One thing this 40g tank did not come with is a light. I have the opportunity to purchase a Current 30" compact light strip from a gentleman I met through another aquatic plant forum who lives close to me. He would sell the lamp to me for $40 with the bulb included. Here is the light http://www.drsfostersmith.com/product/prod_display.cfm?c=3578+3733+11418&pcatid=11418. It is a bit short though since my tank is 36" long, but I was hoping I could get around that by not really planting anything near the sides or only using very low-light plants in those areas. It would be 65 watts or 1.62wpg. This is actaully more wpg than I currently have in my 55 gallon (it has 70 watts or 1.27wpg). This tank will sit in a fairly well lit room with a lot of indirect sunlight from several windows.

I am currently rethinking the idea of a natural planted tank though because I think I will run into problems with the shell dwellers (if I get any) moving some of the sand and therefore allowing the soil to be exposed and subsequently making a muck of my tank. I really like the idea of sand and was wondering about the pool filter sand. I checked with my aunt who owns a spa/pool shop and she was worried about the pool filter sand being safe for fish. She says it is a silica sand. I found a couple of other types of sand at Home Depot I was wondering about. One was an all-purpose sand. It says it is a course sand and it is not nearly as fine as the play sand. http://www.homedepot.com/webapp/wcs...langId=-1&catalogId=10053&productId=100318450 They also sell a medium sand that seemed very fine, but is almost the color of the pool filter sand (there was an open bag I was able to check out on the floor). http://www.homedepot.com/webapp/wcs...Id=10053&productId=100318538&N=10000003+90051 I don't know if either of these would work. They are quite a bit cheaper than the pool filter sand which was $19.99 for 50 pounds.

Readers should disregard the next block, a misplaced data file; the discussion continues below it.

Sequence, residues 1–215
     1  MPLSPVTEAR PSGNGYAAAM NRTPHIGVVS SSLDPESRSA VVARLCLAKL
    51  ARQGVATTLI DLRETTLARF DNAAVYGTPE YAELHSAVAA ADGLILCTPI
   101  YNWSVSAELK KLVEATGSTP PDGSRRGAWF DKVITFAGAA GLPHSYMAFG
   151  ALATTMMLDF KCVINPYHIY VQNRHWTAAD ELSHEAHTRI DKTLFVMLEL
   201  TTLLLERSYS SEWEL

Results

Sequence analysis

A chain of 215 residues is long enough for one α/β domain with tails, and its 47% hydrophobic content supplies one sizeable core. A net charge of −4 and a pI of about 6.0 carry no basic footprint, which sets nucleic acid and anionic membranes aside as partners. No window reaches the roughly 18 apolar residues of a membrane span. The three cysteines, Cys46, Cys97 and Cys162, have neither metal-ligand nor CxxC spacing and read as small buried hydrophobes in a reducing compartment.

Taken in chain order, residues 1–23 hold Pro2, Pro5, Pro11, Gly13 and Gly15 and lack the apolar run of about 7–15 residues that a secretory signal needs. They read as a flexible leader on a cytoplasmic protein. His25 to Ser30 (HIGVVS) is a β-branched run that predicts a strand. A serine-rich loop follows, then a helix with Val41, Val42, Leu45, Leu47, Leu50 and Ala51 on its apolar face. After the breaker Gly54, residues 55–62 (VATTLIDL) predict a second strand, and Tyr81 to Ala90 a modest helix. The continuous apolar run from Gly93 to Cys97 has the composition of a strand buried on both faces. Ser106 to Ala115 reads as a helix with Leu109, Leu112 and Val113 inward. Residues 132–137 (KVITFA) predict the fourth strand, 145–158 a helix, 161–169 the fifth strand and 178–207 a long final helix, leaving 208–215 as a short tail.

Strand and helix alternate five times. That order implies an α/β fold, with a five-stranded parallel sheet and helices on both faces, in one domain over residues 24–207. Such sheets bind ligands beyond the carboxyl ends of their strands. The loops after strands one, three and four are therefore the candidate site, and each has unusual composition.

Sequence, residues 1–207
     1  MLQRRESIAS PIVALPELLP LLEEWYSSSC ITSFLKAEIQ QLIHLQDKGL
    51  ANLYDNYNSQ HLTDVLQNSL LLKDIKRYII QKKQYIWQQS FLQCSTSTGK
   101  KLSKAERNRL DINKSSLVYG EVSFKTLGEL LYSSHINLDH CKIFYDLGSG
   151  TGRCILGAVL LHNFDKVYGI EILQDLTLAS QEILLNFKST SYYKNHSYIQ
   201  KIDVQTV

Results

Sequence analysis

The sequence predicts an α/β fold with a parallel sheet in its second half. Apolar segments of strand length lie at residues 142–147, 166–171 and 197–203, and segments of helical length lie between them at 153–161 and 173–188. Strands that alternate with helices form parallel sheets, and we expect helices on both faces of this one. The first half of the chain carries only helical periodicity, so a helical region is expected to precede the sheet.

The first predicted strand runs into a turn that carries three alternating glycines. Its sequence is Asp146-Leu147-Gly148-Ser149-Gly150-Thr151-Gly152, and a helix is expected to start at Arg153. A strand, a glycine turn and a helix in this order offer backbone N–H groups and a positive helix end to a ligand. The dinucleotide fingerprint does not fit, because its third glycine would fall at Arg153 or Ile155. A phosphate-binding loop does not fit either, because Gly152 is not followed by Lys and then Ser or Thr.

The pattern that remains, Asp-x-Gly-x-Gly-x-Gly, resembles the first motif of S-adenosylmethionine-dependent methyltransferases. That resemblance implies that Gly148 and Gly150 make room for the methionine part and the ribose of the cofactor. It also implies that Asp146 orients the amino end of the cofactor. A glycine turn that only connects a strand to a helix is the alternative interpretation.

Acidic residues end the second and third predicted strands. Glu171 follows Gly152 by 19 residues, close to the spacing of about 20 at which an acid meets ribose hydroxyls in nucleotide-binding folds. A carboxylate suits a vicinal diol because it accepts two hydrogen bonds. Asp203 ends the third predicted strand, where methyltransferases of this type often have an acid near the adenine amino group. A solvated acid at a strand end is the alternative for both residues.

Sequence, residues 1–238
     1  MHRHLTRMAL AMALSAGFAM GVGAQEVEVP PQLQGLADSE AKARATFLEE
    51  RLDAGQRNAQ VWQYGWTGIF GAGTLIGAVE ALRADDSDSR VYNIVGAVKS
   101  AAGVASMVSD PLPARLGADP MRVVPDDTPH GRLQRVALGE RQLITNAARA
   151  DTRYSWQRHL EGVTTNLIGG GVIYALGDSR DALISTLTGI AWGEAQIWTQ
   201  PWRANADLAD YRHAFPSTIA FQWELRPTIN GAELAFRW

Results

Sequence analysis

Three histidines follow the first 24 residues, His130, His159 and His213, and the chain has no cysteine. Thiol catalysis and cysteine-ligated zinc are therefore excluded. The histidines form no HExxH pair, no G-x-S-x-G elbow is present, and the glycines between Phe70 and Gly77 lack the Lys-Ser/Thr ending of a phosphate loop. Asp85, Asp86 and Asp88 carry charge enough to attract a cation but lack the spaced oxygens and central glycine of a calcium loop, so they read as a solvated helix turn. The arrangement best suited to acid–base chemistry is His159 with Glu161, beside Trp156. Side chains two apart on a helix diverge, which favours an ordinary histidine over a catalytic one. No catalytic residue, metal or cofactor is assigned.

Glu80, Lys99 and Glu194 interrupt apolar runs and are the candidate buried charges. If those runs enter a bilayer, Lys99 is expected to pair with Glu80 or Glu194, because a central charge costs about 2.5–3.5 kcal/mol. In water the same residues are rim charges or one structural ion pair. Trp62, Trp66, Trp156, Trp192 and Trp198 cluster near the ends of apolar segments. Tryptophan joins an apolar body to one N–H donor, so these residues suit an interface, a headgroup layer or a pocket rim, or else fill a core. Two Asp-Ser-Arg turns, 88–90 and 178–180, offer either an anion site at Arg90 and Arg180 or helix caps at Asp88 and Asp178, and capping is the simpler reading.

I was also just curious about the types of plants to use. I was told somewhere on one of the forum threads that I would need to have plants that would do well with the higher pH that the cichlids need, but I noticed you had the typical low-tech plants in your tanks (java fern, anubias, crypts...) so it seems these easy to find low-tech plants would be OK.